That’s just how it is: Part four
I mentioned in the first column in this series that I still get razzed for wearing Marshall University Green.
Former EKU President Joanne Glasser always teased me about it. She told me I looked much better in maroon, and I always reminded her I bleed green. I don’t think she ever really cared.
The case of the trimmed barber
Tony was the proud proprietor of a clip joint with no rival. He operated the only barbershop in town. Then one unfortunate day, he made the mistake of getting into a heated argument with Quincy, the town banker, who became more interested in burying Tony instead of the hatchet. To do so, he imported two tonsorial artists and opened a competing barbershop...at cut rate prices...directly across the street from Tony’s shop. And, if his low prices weren’t sufficient enough to entice away Tony’s customers, the determined banker used his financial influence in the community to wean even more of Tony’s customers.
That’s just how it is: Part three
I received a nice congratulatory email from Dick Ham soon after my retirement announcement was published. He understood why I was retiring, but was comforted by the fact that I was in the big chair, seeing that all the variety of operations were done and done well.
Elections have consequences
I’m subject to temporary bouts of disillusionment with politics, and it’s dangerous to attempt columns in such a mood.
So indulge me as I make some random observations without final political judgments.
Kentucky to the EPA: ‘Man up’ or shut up
During recent stops in Pikeville and Hazard, Sen. Mitch McConnell took aim at the Environmental Protection Agency’s rope-a-dope policy that Kentucky’s senior senator rightly describes as an “illegitimate” and “back-door means” to permanently destroy eastern Kentucky’s economic lifeline, which — like 93 percent of the commonwealth’s electricity — is powered by coal.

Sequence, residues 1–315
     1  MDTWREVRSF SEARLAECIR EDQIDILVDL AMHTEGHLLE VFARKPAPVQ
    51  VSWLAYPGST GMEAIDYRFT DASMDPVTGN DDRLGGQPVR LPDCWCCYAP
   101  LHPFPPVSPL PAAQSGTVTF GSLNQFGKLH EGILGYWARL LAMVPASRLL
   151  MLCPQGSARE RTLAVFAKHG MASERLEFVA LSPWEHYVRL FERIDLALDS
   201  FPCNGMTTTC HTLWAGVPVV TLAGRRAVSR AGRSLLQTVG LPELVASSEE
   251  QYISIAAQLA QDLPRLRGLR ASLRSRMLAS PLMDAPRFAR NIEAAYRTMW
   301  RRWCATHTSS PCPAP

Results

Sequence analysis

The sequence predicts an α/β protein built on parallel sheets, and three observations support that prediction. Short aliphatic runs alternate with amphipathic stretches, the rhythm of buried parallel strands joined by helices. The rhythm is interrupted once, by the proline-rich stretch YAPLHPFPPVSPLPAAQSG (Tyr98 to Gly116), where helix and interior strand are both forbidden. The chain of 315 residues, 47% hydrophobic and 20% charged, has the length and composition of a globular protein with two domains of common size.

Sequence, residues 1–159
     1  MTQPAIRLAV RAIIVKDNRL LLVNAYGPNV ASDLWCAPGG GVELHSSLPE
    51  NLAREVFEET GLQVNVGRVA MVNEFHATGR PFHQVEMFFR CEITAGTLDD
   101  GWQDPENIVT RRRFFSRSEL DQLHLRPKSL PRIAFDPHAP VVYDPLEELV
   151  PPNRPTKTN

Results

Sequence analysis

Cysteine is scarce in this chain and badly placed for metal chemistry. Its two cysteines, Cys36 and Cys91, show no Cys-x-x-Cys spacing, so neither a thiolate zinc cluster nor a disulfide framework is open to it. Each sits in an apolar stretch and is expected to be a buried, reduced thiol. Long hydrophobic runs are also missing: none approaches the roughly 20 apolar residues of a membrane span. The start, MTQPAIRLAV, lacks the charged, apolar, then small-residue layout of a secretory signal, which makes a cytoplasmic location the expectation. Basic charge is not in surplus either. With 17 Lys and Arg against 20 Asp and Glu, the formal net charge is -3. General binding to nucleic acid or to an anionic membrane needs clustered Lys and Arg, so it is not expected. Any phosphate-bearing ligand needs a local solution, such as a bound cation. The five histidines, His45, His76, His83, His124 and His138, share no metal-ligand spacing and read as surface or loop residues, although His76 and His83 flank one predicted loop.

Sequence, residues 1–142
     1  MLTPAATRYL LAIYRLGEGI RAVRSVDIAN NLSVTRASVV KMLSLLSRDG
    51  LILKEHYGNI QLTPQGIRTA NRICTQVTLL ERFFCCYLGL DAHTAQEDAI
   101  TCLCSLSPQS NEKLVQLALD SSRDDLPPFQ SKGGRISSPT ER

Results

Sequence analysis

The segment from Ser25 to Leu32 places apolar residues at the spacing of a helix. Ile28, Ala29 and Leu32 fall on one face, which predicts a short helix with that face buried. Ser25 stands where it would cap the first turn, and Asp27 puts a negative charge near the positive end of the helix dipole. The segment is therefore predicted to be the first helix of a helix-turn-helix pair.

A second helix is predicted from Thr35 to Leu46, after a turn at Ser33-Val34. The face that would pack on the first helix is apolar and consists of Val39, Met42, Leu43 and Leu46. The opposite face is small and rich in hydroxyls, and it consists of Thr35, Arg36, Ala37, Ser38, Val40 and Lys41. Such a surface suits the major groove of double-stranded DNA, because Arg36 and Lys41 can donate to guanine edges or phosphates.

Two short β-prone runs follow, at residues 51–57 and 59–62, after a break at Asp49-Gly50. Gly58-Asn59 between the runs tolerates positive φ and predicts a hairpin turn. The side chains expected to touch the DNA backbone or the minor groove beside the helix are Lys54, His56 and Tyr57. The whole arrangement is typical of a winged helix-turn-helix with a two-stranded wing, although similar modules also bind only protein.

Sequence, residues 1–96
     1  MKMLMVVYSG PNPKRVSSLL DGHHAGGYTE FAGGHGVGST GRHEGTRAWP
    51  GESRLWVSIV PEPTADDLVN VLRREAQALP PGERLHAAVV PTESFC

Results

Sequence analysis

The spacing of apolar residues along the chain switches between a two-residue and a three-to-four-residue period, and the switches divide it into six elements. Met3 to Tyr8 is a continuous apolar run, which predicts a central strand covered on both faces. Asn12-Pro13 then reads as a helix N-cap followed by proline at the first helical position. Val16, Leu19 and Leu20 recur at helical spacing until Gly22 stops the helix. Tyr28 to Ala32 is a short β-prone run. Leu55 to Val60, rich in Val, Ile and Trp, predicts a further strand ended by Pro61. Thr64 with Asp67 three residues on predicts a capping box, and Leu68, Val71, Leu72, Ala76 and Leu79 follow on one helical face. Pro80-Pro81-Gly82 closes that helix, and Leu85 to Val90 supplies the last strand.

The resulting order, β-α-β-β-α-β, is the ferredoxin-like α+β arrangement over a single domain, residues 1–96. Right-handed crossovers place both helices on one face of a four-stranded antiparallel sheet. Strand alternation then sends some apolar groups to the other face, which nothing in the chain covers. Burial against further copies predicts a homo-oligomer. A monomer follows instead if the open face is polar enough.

That’s just how it is: Part two
Today’s column starts off with excerpt from a “fun-spirited” column I wrote in January 2008 titled “Back to the Future.” It was about a fictional dream that predicted the outcome of certain events of much interest or controversy in Richmond and Madison County.
The case of the cheap husband
When Sam and Irene arrived in the United States as immigrants, Sam had $2 in his pocket. And, according to Irene, after 20 years of successful farming, he still had his original $2 in his pocket despite the fact that he had amassed a small fortune.
A win-win for Kentucky’s budget and small businesses
Legislation requiring internet retailers to collect sales taxes owed to states would aid Kentucky’s depleted budget and end the unfair advantage out-of-state sellers have over Main Street Kentucky businesses.
Derby a break from reality in Kentucky
The state capitol isn’t exactly a ghost town during Derby Week, but it’s close.
How politics has changed
When two senators recently got into a spat over whether the Boston Marathon bombings were being politicized, the news was everywhere within minutes.
Reams of commentary quickly followed.
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